The Balancing Act of Recovery

As an emergency room nurse at The Hospital of the University of Pennsylvania, Jessica Bradley, RN, BA, provided care to countless of patients finding themselves in unexpected medical emergencies. But one morning on her way to work, Jessica found herself on the other side of the patient care after falling face first onto concrete.

Jessica (4) resized“When I got to work, it became clear something was wrong. It was strange to not acting as nurse but as a patient,” says Jessica. “I’ve always been in the position of taking care of other people, and being cared for is a position I never through I’d ever be in. It was very difficult having people take care of me.”

After a six hour evaluation, Jessica was diagnosed with a traumatic brain injury and concussion. The side effects of her medical conditions left her unable to function in her daily life.

“For the first few days, I couldn’t walk down the steps, or even close my eyes without feeling dizzy.  The side effects impacted every aspect of my life. My husband and family had to take care of me constantly,” said Jessica. “And I knew that in this condition I wouldn’t be able to function as a nurse. As a young person with four children to support, I was constantly worried I would never be able to function normally again.”

Jessica sought out treatment at the Penn Medicine Concussion Clinic to begin her recovery process. Under the care of Dr. Michael Rhee and Dr. Kelli Williams, she was referred to vestibular therapy through Penn Therapy & Fitness. Close to home, Jessica began twice a week physical therapy sessions at Penn Therapy and Fitness at Radnor with Helena Esmonde, PT, DPT.

For eight weeks, Helena worked with Jessica in regaining her life through rehabilitation.  Using infrared goggles, Helena was able to zero in on eye movements that indicated what areas to focus on during vestibular therapy.

“During outpatient therapy, I work with patients to create strategies to help navigate them through recovery so that they can return to their lives before injury,” says Helena, “By providing home exercises for patients to continue working on outside of therapy sessions, I aim to empower them to be able to manage their recovery to get back to the life best possible.”

Through a variety eye and head movement exercises, along with work in the Balance Master, Jessica’s symptoms began to decrease.

“My goals were to close my eyes, to be able to keep my balance while turning my head and walking. They were little things you take for granted,” said Jessica. “Initially, it was a slow subtle improvement. But as time went on, I was able to could walk go up and down steps without someone holding my hand. I was able to close my eyes without falling and I could pay attention again without getting easily distracted.”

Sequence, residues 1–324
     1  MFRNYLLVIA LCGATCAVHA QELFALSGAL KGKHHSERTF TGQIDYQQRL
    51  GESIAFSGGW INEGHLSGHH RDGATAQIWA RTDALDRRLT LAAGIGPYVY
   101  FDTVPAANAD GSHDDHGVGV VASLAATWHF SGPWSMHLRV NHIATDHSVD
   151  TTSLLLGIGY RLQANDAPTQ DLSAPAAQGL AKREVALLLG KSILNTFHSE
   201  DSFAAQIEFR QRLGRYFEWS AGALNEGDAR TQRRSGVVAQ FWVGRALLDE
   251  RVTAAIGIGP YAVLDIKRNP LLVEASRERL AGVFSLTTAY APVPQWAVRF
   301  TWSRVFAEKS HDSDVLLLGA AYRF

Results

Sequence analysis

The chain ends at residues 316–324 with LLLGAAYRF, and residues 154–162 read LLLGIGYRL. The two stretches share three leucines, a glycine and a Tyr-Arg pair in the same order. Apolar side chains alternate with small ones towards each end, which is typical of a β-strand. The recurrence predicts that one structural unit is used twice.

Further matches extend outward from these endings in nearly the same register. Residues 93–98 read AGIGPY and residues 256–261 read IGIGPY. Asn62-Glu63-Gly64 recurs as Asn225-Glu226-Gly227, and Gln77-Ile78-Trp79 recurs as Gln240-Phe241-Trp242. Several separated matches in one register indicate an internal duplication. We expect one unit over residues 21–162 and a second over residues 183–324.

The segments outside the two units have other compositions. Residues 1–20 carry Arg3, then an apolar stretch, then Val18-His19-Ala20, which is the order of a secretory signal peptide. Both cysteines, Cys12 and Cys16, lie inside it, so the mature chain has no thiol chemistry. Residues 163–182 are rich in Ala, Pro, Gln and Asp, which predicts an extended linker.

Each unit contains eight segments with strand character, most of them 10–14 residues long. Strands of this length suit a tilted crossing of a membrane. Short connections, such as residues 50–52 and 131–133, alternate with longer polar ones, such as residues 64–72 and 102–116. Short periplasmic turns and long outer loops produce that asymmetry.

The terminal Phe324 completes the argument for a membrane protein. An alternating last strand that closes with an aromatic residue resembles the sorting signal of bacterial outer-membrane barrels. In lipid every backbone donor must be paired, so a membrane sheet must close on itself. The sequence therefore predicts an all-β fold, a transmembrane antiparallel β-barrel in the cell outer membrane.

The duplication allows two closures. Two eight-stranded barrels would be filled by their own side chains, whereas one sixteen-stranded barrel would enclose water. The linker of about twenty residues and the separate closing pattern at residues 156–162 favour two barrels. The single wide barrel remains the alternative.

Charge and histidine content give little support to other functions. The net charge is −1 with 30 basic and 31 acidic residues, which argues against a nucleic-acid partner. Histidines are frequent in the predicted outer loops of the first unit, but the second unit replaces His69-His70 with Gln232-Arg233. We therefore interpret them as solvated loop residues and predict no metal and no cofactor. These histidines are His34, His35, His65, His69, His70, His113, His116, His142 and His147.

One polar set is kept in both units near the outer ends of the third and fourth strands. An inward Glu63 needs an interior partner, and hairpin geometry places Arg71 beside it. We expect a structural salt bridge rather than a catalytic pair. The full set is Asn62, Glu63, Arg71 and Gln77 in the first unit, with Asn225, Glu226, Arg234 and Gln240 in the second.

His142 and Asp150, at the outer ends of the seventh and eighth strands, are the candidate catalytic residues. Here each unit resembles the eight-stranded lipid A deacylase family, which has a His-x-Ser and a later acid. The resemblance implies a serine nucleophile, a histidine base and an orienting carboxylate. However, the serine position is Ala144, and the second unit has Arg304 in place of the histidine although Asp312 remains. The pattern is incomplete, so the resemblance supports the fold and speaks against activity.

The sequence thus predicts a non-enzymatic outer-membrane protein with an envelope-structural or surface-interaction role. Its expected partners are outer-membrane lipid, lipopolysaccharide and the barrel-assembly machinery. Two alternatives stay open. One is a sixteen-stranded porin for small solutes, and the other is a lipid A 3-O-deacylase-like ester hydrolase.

Throughout her rehabilitation in the continuum of Penn Medicine, Jessica’s care team was able work together during her recovery.

“Being able to have the team approach with physicians helps connect everyone involved in our patients care,” said Helena, “We were able to have communication that allowed us to adapt to direct treatment in the most efficient and impactful way for Jessica.”

With the combination of physical therapy, home exercise and treatment from her physicians, Jessica began to see the light at the end of her tunnel that seemed bleak not so long ago.

Jessica (11) resized“I never thought something like that would happen to me. I didn’t realize how much I was impacted by that injury,” says Jessica. “There was awhile where I didn’t think I’d ever be okay again. It was a struggle that took a lot of work, but I was able to get my life back.”

Three months after her injury, Jessica was able to return to work with a new perspective of patient care.

“Before my injury I had no idea that vestibular therapy would be able to help concussion and traumatic brain injury. When people think of physical therapy, they think of riding treadmill or exercising. They don’t think of balance therapy,” says Jessica. “A lot of the attending physicians will come to me about recommendations for concussions. I tell them about the Penn Concussion Clinic and vestibular therapy at Penn Therapy and Fitness. A lot of people don’t realize they have this option available to them.”

Learn more about vestibular rehabilitation at Penn Therapy & Fitness.

Learn more about the Penn Medicine Concussion Clinic.

by Patrice Bendig